8 Steps to Train Your Dog

Reviewed By Julie •  Updated: 08/06/20 •  15 min read
The contents of the OurFitPets.com website, such as text, graphics, images, and other material contained on this site (“Content”) are for informational purposes only. The Content is not intended to be a substitute for professional veterinarian advice, diagnosis, or treatment. Always seek the advice of your veterinarian with any questions you may have regarding the medical condition of your pet. Never disregard professional advice or delay in seeking it because of something you have read on this website! Some of the links in this post are affiliate links. This means if you click on the link and purchase this item or service, we will receive an affiliate commission at no extra cost to you. All opinions remain our own.

Training your dog or puppy is a matter of teaching your fur baby good manners. Good manners and knowing how to behave properly are important for everyone in your household, including your dog! Good manners for dogs include learning how to obey cues you give, when you give them. You’ll want to teach your pet not to pull on the leashing with you dragging behind, not to jump on visitors who come to your home, and much more. This is where training your dog comes in.

Online Veterinary 24/7
Chat With A Veterinarian Online

Connect with a verified veterinarian in minutes. Licensed vets are available 24/7 to answer your questions. No need to worry about your furry family member.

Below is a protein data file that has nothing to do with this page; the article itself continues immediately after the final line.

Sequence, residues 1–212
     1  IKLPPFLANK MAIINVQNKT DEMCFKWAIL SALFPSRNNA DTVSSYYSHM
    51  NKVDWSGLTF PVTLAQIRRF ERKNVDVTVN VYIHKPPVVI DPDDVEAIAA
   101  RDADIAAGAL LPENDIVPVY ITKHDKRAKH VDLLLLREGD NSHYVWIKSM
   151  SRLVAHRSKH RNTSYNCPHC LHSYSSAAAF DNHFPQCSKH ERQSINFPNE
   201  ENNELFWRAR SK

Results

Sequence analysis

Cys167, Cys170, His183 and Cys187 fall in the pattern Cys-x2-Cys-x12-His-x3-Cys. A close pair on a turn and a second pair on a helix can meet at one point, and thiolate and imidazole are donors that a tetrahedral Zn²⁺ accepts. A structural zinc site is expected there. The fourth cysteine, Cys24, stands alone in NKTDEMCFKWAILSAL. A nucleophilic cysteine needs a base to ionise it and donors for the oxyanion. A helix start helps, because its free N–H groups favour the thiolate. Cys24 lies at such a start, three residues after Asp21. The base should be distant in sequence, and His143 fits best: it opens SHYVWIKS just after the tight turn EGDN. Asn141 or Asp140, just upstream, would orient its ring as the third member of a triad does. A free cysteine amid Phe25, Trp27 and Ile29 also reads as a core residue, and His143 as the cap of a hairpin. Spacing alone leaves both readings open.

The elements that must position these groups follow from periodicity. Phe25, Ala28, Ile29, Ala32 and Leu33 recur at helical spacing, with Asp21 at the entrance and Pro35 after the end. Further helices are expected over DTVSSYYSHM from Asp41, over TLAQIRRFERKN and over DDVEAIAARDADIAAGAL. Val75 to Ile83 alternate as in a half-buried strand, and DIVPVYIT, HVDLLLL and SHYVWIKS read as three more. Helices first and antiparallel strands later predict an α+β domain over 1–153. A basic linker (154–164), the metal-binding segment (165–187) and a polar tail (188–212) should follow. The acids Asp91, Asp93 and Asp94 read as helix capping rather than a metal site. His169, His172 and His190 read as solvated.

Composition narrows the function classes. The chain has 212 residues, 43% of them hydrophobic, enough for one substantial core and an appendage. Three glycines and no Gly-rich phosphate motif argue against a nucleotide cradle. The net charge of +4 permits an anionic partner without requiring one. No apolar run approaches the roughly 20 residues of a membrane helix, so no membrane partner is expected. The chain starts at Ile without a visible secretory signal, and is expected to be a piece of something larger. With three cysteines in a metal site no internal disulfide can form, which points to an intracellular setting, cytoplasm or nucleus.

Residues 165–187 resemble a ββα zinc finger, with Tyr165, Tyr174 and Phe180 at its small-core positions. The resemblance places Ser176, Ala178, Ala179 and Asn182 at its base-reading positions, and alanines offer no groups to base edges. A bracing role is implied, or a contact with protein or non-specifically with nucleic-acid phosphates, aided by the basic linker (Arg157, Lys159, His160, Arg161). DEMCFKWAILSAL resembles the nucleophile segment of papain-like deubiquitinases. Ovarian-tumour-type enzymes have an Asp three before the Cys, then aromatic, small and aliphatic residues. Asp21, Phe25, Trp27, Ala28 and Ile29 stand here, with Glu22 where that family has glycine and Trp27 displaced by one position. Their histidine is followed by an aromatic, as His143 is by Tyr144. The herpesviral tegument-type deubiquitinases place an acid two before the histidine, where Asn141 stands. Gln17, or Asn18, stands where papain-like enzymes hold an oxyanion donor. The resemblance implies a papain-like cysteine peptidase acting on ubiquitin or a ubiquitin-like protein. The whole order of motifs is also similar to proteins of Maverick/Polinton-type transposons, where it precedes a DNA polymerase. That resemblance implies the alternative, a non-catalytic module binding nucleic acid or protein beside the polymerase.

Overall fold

Dogs Want to Please

Dogs have been bred to want to please their owners. This is basic in most dogs and dog breeds. Your dog wants to please you and make you happy, so he’ll do almost anything to get your approval. Training your dog good manners is the way to teach him what makes you happy. Not only that, but your dog will understand how to act in different situations and watch you for cues on how to behave. Training is an essential part of becoming a dog owner and teaching your dog what makes you happy.

Be aware that training and teaching are an ongoing process. Every moment you spend with your dog, he’s learning how to behave in ways that make you happy. Training is also about creating a relationship with your pup—one that’s based on trust and love. So, training is more than just getting your dog to obey and it doesn’t stop when the session’s over…training more about relationship and is ongoing in the time spent with your dog throughout his life.

Training Your Dog vs. Hiring a Trainer

If you’re a new dog owner, or even if you’ve owned dogs all your life, the idea of training a pet can be daunting. You may have tried and failed to train your pup or maybe you’ve become frustrated with the whole process. If you’re at this point, you might consider attending a basic training class with your furry companion. There are times when you and your pup may need to visit a professional dog trainer. You may have become frustrated (as noted above), or you may be facing these issues with your dog:

If you have one or more of these issues with your dog, then it might be time to attend basic training classes together or even consider sending your pup to a trainer for obedience training. These types of behaviors can be dangerous and need to be curbed quickly to keep you, your family, your dog and others safe. However, if you’re just starting out and need some guidance on how to begin basic steps to train your dog, then read on! We’ve done some research to help you find the best methods to try when it comes to teaching your dog basic manners. 

8 Steps to Train Your Dog Basic Good Manners